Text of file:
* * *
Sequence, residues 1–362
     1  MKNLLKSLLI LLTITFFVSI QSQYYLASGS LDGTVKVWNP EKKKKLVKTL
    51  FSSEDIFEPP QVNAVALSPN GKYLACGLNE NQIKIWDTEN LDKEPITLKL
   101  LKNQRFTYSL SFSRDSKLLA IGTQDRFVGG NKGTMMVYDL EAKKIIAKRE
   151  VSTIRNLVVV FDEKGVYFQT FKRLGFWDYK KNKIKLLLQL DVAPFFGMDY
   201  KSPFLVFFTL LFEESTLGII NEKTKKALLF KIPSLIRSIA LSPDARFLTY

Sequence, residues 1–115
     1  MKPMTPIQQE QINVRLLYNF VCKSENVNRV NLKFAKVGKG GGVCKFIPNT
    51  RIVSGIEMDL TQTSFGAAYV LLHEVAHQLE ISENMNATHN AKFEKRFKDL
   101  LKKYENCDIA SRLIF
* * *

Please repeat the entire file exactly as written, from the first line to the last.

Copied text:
Sequence, residues 1–362
     1  MKNLLKSLLI LLTITFFVSI QSQYYLASGS LDGTVKVWNP EKKKKLVKTL
    51  FSSEDIFEPP QVNAVALSPN GKYLACGLNE NQIKIWDTEN LDKEPITLKL
   101  LKNQRFTYSL SFSRDSKLLA IGTQDRFVGG NKGTMMVYDL EAKKIIAKRE
   151  VSTIRNLVVV FDEKGVYFQT FKRLGFWDYK KNKIKLLLQL DVAPFFGMDY
   201  KSPFLVFFTL LFEESTLGII NEKTKKALLF KIPSLIRSIA LSPDARFLTY

Sequence, residues 1–115
     1  MKPMTPIQQE QINVRLLYNF VCKSENVNRV NLKFAKVGKG GGVCKFIPNT
    51  RIVSGIEMDL TQTSFGAAYV LLHEVAHQLE ISENMNATHN AKFEKRFKDL
   101  LKKYENCDIA SRLIF